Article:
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Ex-UK Residents Setting Up Home in Spain

September 11th, 2007

This post came about due to a question raised by a reader of the House Buying Blog with regards to language barriers that English speakers may encounter when living in Spain. There are bound to be some problems if you don’t speak the language, but this needn’t be so much of a problem if you are among your own nationality. The following table lists recent figures denoting the number of UK ex-pats living in the different Spanish regions.

REGION UK RESIDENTS
Andalucia & Costa del Sol 34,949
Balearic Islands 10,998
Canary Islands 14,925
Costa Blanca 29,225
Costa Brava 8,478
Costa Calida 4,484
Costa del Almeria 4,491
Costa del Azahar 3,482
Costa de la Luz 3,688
Costa Dorada 1,300
Extremadura 152
Madrid 6,782

Aragon and Navarra Spanish Property Guide

August 29th, 2007

In terms of areas for investment in the Aragon and Navarra regions there are two clear cities that require your attention as potentially excellent investment opportunities – Pamplona and Zaragoza. If one takes the region as a whole, property is at a consistently lower price than much of Spain as the area has yet to be discovered by overseas property investors and most of the property is inhabited by Spanish nationals. Indeed, if you were to venture further south to the Teruel area you would find prices there to be half the Spanish national average. However, the safest areas for property investment in the Aragon and Navarra region should be considered Pamplona and Zaragoza.

Pamplona Property Investment

Pamplona, the capital of Navarra, is a compact city with narrow winding streets, which are steeped in history and strong academic ties (the city houses three universities). The city is most well known for the Fiesta de San Fermin, which attracts a worldwide audience on the 6th July. When the running of the bulls takes place there is a massive tourist influx, which can certainly help with short term rental opportunities and for longer term rentals, there is a burgeoning student population.

Property pricing has increased dramatically in Pamplona, which is not to be surprised based upon the many merits of the city such as the spectacular scenery, historic buildings, and excellent educational and conferencing facilities. Although house pricing has increased in recent years it is still recommended as a property hotspot in the Navarra region and could provide strong yields. You could expect to pay the following for average properties Pamplona -

€195,000 for a 1 bedroom property
€255,000 for a 2 bedroom property
€315,000 for a 3 bedroom property
€430,000 for a 4 bedroom property

If you sought to rent your property in Pamplona you should be looking at the following returns per week -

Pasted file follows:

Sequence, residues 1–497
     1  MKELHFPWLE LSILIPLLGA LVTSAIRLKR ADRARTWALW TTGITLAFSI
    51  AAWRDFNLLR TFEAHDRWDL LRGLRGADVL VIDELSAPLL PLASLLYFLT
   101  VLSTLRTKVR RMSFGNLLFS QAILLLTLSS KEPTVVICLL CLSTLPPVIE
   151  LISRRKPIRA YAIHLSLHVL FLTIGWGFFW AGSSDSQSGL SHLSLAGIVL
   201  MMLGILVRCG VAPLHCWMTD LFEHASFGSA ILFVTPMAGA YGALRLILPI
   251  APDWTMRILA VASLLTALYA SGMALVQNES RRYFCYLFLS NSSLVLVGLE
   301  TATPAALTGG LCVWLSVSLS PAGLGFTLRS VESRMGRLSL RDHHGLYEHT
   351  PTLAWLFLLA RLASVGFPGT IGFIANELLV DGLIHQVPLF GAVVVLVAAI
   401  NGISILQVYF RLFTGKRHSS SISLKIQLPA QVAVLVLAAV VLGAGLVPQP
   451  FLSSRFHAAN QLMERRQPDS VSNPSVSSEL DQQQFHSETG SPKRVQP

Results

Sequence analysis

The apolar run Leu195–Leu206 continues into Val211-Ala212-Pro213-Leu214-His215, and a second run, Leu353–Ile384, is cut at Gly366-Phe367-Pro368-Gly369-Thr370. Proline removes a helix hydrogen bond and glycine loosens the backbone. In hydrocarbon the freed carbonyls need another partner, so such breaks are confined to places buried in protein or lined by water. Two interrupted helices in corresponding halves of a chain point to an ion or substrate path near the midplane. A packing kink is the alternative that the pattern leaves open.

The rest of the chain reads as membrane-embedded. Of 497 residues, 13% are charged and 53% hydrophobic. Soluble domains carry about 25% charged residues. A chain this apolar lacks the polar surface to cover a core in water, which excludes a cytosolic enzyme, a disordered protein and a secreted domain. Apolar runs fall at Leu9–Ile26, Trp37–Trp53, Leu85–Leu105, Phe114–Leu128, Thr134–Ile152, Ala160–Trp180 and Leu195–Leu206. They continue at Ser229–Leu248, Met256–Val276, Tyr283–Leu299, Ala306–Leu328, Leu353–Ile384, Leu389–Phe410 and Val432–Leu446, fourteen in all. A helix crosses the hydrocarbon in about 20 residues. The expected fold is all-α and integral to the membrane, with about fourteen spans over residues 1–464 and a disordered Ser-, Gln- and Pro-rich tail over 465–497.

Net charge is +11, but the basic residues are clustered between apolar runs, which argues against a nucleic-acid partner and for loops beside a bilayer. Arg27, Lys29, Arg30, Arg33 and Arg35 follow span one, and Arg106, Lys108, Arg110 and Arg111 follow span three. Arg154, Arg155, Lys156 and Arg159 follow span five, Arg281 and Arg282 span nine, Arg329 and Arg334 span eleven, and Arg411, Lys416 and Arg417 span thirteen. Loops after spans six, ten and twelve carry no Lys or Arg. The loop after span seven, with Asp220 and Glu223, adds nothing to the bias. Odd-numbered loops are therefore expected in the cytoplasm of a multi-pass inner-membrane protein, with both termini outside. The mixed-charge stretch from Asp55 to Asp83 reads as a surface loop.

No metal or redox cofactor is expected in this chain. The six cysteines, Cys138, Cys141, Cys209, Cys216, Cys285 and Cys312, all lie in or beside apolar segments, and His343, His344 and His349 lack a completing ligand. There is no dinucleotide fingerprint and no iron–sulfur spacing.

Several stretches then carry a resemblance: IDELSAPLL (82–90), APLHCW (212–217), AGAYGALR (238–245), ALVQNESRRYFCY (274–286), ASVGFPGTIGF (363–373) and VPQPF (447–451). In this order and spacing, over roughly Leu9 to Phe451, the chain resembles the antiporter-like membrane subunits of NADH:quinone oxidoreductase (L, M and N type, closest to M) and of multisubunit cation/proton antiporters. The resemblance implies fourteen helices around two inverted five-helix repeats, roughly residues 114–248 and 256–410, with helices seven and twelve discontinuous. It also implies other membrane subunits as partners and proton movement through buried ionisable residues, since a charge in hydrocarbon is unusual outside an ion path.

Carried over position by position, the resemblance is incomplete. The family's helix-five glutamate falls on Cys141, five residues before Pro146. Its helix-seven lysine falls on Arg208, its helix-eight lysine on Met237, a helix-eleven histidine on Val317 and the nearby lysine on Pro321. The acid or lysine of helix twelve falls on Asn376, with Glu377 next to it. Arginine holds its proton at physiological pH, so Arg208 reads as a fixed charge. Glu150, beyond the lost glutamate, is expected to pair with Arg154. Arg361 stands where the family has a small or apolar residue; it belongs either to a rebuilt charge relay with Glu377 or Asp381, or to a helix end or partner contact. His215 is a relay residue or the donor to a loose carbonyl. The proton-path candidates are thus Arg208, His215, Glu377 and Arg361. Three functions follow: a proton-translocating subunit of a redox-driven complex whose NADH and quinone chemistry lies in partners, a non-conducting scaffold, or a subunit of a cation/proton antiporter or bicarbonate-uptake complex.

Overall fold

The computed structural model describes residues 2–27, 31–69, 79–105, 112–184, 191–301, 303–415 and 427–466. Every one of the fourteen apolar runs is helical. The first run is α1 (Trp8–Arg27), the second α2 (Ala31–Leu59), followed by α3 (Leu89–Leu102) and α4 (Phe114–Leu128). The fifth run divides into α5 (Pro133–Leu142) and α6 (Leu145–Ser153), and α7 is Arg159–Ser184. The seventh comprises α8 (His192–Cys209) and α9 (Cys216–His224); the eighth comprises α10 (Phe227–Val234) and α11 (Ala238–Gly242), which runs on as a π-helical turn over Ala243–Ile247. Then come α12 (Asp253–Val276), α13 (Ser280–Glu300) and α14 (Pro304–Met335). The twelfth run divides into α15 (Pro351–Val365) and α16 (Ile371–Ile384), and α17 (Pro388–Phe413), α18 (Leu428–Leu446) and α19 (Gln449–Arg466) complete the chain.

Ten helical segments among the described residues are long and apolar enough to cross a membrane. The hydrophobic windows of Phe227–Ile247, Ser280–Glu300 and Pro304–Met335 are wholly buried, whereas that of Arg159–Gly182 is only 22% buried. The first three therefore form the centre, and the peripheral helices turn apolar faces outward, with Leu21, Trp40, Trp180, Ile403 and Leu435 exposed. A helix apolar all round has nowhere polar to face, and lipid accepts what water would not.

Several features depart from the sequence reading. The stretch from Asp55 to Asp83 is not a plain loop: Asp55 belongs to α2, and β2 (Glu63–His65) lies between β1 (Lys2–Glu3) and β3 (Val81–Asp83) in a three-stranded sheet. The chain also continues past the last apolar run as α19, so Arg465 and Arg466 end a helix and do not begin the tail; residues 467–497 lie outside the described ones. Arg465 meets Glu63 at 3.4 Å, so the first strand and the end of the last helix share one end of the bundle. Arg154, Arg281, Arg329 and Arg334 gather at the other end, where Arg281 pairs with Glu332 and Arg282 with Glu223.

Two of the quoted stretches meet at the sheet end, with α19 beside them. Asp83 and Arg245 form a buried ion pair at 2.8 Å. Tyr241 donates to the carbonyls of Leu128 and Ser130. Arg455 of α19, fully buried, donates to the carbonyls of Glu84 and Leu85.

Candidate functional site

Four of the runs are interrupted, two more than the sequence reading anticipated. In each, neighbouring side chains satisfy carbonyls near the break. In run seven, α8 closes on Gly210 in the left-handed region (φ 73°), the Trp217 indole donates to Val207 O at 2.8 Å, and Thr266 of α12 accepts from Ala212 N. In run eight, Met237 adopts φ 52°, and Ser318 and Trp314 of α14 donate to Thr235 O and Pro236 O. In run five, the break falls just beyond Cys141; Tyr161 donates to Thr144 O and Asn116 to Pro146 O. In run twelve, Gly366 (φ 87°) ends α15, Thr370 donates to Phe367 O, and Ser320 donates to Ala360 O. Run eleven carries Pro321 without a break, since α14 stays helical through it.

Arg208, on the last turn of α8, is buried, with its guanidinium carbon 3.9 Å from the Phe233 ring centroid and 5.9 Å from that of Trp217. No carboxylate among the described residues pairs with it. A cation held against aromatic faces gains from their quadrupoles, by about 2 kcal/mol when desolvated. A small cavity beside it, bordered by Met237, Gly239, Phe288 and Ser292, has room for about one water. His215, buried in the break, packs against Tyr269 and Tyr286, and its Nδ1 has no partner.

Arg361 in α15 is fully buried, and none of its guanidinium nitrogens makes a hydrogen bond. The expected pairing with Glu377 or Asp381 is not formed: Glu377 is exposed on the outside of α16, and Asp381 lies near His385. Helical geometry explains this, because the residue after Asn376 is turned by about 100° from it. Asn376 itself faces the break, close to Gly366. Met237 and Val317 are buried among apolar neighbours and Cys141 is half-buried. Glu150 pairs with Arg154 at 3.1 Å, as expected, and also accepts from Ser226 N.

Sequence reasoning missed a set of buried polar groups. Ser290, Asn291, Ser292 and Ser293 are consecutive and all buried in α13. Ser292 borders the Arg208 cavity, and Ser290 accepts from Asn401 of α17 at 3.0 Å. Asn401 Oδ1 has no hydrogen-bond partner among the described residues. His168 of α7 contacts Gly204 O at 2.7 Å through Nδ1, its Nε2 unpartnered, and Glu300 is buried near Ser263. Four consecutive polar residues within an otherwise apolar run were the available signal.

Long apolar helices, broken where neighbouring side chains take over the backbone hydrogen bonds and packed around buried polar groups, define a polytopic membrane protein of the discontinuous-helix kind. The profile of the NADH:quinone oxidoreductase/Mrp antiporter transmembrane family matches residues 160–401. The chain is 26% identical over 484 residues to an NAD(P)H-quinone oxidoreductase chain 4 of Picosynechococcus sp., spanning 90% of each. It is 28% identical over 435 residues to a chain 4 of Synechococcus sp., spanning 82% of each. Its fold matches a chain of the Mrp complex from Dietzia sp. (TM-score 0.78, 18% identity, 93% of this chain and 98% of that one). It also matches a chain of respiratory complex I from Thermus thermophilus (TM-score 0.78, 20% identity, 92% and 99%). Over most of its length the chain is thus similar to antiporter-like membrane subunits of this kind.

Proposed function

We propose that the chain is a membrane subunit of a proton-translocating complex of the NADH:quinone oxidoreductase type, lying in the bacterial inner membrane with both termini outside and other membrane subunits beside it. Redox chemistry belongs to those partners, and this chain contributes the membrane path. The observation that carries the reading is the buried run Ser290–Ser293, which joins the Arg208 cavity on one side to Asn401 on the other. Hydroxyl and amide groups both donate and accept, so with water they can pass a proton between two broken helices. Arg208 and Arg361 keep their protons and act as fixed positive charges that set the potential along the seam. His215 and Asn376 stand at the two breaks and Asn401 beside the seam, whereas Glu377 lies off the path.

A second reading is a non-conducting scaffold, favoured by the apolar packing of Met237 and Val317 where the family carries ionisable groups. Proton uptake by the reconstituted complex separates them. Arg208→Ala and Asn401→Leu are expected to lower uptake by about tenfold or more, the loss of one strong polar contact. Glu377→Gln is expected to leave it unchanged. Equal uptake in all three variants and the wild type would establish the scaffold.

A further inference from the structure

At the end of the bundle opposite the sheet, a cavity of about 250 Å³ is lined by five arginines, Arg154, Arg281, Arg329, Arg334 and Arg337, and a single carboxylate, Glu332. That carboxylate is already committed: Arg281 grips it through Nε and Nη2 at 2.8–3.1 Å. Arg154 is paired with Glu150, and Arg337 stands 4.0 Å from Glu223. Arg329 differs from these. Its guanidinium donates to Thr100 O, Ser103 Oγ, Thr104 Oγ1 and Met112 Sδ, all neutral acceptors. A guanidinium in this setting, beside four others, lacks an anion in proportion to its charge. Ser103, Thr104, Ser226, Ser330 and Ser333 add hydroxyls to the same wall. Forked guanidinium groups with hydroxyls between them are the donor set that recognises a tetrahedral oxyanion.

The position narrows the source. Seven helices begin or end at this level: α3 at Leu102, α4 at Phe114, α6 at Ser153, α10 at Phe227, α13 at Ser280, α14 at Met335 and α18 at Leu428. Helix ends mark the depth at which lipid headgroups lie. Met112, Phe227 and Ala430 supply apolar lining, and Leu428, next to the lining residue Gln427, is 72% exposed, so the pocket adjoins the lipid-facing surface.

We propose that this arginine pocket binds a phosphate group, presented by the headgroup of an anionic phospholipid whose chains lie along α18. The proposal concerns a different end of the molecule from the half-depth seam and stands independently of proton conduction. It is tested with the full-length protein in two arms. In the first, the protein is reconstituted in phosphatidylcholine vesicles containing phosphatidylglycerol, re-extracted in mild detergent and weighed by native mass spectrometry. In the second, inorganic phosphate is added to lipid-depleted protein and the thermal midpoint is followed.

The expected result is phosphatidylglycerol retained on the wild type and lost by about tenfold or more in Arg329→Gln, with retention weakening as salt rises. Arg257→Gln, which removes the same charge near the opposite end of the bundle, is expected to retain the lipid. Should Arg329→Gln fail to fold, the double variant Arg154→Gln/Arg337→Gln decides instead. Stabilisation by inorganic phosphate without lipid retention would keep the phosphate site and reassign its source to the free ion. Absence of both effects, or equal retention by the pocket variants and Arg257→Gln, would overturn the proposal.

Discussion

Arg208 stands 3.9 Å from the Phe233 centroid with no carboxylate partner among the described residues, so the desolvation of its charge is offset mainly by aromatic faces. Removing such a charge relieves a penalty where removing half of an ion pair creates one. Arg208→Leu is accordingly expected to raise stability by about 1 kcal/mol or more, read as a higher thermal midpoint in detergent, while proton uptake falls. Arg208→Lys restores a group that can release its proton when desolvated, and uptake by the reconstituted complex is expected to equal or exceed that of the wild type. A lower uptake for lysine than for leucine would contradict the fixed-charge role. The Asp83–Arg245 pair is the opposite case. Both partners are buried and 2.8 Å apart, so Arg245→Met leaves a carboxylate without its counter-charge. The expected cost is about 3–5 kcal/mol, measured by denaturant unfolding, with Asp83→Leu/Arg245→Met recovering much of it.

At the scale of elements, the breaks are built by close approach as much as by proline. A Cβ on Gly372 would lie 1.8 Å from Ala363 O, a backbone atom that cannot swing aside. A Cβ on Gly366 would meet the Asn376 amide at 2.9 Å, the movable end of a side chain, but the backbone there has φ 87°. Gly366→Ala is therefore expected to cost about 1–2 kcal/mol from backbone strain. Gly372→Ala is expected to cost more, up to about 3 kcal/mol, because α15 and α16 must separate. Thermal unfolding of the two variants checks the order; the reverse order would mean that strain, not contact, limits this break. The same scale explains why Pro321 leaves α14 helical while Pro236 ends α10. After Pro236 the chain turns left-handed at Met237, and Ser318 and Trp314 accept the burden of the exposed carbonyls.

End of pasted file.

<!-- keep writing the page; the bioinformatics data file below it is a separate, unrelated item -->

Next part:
€290for a 1 bedroom property
€350 for a 2 bedroom property
€540 for a 3 bedroom property
€780 for a 4 bedroom property

Although if you are renting your property as part of a short term let during the Fiesta de San Fermin it is expected that you can double your standard pricing as there is huge demand from the visiting tourists.

Zaragoza Property Investment

Zaragoza is situated in the Aragon area of Spain and is the regional capital. Similarly to Pamplona the city can offer beautiful scenery with stunning views of the Pyrenees. The Romans in 14BC founded the historic city originally and there are currently approximately 700,000 inhabitants with many more commuting to the city for work.

The city is ideally situated on the main transport backbone between Madrid and Barcelona, which has helped to drive property pricing up. A factor that should be noted is that Zaragoza is not currently a major tourist destination; however, the inhabitants of some northern European nations are starting to adopt the city as a tourist venue, which could be a catalyst to propel property pricing to greater heights. The city is growing at a quick pace and there is a cosmopolitan feel to the centre of the city. On the negative side, due to the expansion there can be traffic congestion problems at peak times in the city.

The city centre boasts a number of new housing which can be expensive (certainly when looking at the region as a whole), however, if you are prepared to move slightly outside the city centre you can certainly obtain better value for money. If you were looking to buy property in Zaragoza you could expect to pay the following prices -

€165,000 for a 1 bedroom property
€250,000 for a 2 bedroom property
€400,000 for a 3 bedroom property
€600,000 for a 4 bedroom property

If you sought to rent your property in Zaragoza you could be looking at the following returns per week -

€450 for a 2 bedroom property
€660 for a 3 bedroom property
€850 for a 4 bedroom property

Aragon and Navarra Profile

August 28th, 2007

Aragon and Navarra are located in the north east of Spain and neighbour the Pyrenees mountain range. Navarra is a Basque region and the capital Pamplona is known worldwide for Los Sanfermines festival, which takes place every June. For the uninitiated, individuals attend the festival from around the world to “run with the bulls” down the cities narrow streets.

To the eastern side of Nararra is Aragon, which stretches for much of the country from the Pyrenees Mountains in the north to the small town of Teruel in the south. Aragon is one of Spain’s most geographically interesting regions and the Ordesa National Park in the north is a very popular area for visitors wanting to experience the splendour of the Pyrenees with its gorges, waterfalls and above all else spectacular walks. A great deal of the area is only accessible during the summer months when the snow has melted sufficiently to allow access. Towards the south of Aragon is the regions capital city, Zaragoza. The city is currently the fifth largest in Spain and there are over 700,000 inhabitants.